Public art adds color to Breckenridge’s Walkable Main
BRECKENRIDGE — Breckenridge is noticeably different this season than past summers. People walk downtown wearing required face masks, restaurants extend seating into the roads, and vehicle traffic is barred from Main Street.
If people look closely, they’ll realize regular traffic barriers haven’t set Walkable Main’s blocks apart. Rather, 10 concrete canvasses have been transformed into murals by various members of the community, primarily those with ties to organizer Breckenridge Creative Arts.
The theme was “Love4Breck,” and during the hot weekend of June 12-14, artists had free reign to paint a scene of whatever Breckenridge means to them. Kia Neill showed off Isak Heartstone while Karen Fischer and some of her Summit High School students created duck-themed imagery.
For Caitlin Tongish, that connection means a landscape of mountains and wildflowers with bold lines and robust blues, purples, oranges and yellows across two barriers. She’s been painting with acrylics for about 12 years and also has a background in textiles, yet this nature of public art is new for her.
“I’ve done public galleries but never any street work before on such a large scale,” Tongish said. “It was a learning curve and enjoyablem something I would like to do more of.”
The experience ended up providing people with a few new opportunities, whether it be introducing themselves to the local art scene or expanding their talents in a different medium. Melissa Michel, a ceramics instructor at BreckCreate, usually works with clay but had the time to stretch her fine art skills again after having done murals in California, Texas and Massachusetts.
For her piece, she painted an image of humanoid “monsters” in childlike glee with mountains on the reverse.
“The monsters are connected to their devices,” Michel said. “There’s no separation between the bike and the monster or the monster and the snowboard or skateboard. … I wanted to keep it playful because I think our activities make us childlike again.”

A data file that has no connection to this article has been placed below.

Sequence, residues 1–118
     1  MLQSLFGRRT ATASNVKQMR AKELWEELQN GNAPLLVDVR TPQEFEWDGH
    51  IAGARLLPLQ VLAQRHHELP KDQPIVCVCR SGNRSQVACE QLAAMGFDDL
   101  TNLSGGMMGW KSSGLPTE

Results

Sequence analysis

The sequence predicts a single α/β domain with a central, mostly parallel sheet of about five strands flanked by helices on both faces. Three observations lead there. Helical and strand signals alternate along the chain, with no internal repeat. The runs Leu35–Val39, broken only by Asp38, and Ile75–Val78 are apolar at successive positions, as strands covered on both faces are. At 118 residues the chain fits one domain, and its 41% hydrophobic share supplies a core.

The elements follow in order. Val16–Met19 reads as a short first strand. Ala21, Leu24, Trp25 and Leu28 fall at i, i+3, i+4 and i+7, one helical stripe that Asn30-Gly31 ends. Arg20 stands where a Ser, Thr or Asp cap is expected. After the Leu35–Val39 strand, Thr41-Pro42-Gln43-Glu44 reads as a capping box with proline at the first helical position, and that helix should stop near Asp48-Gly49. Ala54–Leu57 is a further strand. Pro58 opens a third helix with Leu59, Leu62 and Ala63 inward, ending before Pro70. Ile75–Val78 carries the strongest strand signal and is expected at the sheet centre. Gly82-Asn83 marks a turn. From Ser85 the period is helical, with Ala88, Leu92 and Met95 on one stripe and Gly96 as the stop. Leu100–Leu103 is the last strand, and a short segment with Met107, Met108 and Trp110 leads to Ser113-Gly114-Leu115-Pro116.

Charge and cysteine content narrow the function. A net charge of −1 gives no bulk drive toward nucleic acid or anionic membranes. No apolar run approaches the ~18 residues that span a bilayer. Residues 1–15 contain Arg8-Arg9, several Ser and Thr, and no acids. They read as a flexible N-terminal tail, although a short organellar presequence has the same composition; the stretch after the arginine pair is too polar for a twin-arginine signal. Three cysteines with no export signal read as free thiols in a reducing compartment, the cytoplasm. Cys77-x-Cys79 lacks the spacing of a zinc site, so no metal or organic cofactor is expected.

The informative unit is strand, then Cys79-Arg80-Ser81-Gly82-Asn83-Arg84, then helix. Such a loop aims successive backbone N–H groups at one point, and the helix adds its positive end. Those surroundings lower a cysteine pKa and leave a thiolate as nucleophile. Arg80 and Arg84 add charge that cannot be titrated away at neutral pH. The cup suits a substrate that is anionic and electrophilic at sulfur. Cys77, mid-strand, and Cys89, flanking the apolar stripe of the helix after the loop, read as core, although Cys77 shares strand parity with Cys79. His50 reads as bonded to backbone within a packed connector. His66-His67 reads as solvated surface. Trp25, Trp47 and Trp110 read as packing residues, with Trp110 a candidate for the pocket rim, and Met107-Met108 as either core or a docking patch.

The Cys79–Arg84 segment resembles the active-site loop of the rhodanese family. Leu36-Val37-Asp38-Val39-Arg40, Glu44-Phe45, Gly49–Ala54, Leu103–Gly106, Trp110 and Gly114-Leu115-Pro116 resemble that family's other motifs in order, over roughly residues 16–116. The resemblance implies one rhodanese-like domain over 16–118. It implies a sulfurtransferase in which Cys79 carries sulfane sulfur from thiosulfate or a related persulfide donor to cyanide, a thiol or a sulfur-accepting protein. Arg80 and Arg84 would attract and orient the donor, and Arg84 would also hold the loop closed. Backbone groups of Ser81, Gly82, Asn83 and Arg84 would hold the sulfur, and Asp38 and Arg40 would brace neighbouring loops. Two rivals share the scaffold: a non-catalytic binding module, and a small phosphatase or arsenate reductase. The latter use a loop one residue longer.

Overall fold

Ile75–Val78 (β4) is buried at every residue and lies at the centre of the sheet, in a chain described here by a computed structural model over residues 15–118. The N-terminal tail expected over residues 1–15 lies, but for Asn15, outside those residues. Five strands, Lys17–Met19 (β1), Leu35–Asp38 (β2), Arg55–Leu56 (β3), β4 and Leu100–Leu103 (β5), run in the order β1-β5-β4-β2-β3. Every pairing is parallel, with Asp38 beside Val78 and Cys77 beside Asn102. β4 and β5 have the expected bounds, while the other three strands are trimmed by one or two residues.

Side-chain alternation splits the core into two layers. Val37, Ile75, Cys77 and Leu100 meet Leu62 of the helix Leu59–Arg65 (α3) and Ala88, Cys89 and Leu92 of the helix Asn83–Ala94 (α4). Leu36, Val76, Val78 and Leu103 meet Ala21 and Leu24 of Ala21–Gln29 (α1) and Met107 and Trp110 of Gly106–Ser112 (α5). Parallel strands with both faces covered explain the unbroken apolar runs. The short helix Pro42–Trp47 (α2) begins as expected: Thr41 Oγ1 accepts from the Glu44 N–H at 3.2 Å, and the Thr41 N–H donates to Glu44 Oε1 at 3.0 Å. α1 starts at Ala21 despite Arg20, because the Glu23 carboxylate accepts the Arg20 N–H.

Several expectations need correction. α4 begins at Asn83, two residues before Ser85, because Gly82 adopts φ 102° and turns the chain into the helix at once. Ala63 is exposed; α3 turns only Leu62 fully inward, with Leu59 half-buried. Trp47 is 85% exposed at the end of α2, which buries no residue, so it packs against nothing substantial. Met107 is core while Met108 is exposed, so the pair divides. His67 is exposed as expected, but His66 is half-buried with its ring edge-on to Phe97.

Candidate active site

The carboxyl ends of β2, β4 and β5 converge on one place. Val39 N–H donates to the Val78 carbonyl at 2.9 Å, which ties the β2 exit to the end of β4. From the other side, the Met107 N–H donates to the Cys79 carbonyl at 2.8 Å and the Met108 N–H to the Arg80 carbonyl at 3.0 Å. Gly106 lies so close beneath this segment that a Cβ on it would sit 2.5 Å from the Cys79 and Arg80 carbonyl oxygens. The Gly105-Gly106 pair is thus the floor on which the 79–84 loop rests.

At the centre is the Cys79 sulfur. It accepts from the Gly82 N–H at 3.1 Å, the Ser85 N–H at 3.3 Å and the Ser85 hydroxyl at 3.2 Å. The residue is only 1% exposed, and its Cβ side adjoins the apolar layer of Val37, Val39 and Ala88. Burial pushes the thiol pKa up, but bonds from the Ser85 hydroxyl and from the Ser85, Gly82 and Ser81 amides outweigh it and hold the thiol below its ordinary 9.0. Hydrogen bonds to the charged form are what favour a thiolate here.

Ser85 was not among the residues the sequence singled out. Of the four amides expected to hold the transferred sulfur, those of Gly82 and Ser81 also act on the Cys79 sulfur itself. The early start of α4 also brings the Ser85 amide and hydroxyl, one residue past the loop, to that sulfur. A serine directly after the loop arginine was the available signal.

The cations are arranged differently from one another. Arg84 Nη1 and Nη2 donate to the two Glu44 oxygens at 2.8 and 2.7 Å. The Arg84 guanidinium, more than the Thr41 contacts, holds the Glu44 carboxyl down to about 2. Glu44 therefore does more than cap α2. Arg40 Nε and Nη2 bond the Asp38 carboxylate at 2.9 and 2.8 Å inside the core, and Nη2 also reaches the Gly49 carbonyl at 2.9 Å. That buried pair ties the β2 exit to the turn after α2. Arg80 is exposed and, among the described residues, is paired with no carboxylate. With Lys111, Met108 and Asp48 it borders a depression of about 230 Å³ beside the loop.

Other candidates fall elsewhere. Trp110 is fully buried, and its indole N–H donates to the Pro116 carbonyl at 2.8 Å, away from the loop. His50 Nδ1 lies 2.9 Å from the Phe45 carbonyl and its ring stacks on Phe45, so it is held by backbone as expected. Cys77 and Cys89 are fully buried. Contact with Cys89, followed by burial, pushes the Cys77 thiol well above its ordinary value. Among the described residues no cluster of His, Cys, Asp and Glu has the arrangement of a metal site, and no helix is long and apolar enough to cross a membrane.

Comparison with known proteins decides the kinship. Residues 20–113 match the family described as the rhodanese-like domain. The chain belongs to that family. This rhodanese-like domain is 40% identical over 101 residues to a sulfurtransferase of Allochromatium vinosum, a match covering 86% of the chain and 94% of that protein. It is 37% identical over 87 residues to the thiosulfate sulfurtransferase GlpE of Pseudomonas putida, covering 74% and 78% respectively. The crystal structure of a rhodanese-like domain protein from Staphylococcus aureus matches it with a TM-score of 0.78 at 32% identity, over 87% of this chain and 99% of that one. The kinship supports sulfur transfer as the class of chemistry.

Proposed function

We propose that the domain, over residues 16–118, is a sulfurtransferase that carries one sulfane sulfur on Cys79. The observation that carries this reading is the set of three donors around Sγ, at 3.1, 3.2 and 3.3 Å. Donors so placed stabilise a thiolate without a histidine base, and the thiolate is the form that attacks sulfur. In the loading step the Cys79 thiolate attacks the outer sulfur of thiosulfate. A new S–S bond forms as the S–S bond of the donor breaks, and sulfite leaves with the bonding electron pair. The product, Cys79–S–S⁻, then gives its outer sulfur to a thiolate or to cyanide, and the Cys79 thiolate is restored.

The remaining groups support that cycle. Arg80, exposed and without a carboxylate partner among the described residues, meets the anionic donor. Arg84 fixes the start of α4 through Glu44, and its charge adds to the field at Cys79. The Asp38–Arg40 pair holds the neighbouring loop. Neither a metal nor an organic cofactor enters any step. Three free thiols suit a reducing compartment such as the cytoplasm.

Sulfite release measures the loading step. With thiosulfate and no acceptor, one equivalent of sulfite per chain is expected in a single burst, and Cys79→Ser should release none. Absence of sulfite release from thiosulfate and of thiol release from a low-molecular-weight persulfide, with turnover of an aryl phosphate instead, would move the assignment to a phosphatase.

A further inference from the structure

She said the mural gave her fresh inspiration during the mentally taxing shutdown, and she found that she has picked up creative momentum recently.
Erika Donaghy balances her time between ceramics and painting as well, and she made her mark on two barriers. One has poppies and the sun while the other is a road leading to a mountain with the moon.
Her first time creating a piece of public art was when she painted a snowboard live during Silverthorne’s rail jam in March. Painting in the public eye again was a big milestone for her, and the two events had their similarities and contrasts. The largest change was using exterior house paint this June as opposed to acrylics before.
“It behaves a bit differently, so you have to account for the medium being a little different,” said Donaghy, who has been painting seriously only since 2017.
Her journey started with a watercolor class in Denver, and she bought a tin to paint on travels quickly thereafter. When she and her husband came to Summit County last March, she took a ceramics class and fell in love at the prospect of working with her hands. She frequently makes pottery using the sgraffito technique — carving through the glaze to reveal a layer of color underneath. She was pushed to finally finish her home studio when the pandemic hit.
The murals also provided the chance to stay in one’s medium but step outside of their comfort zone. Elisa Gomez, for instance, is known for painting abstract, geometric pieces like a mural she did over the winter at the Old Masonic Hall. Gomez has painted dumpsters in Denver and public art in Texas and Montana, as well.
“Having the opportunity to decide and not have to convince someone why I think it would look good lent itself to the idea of trying something different,” she said.
This time, she tapped into her roots and painted three barriers of Mexican folk flowers.
“I feel nostalgic when I see them,” Gomez said. “It’s very uplifting and culturally representative of a part of our population here. I just thought it was important.”
Gomez, Michel and the others received positive feedback during the process and are glad the town is supporting public art. They hope it becomes more common to inspire people and liven up the area.
“We should encourage more public art and murals in these little mountain towns because it makes us look more real or down to earth, more vibrant and present,” Michel said.
The murals are scheduled to remain in the street for as long as it’s closed, which is currently through Sept. 28.
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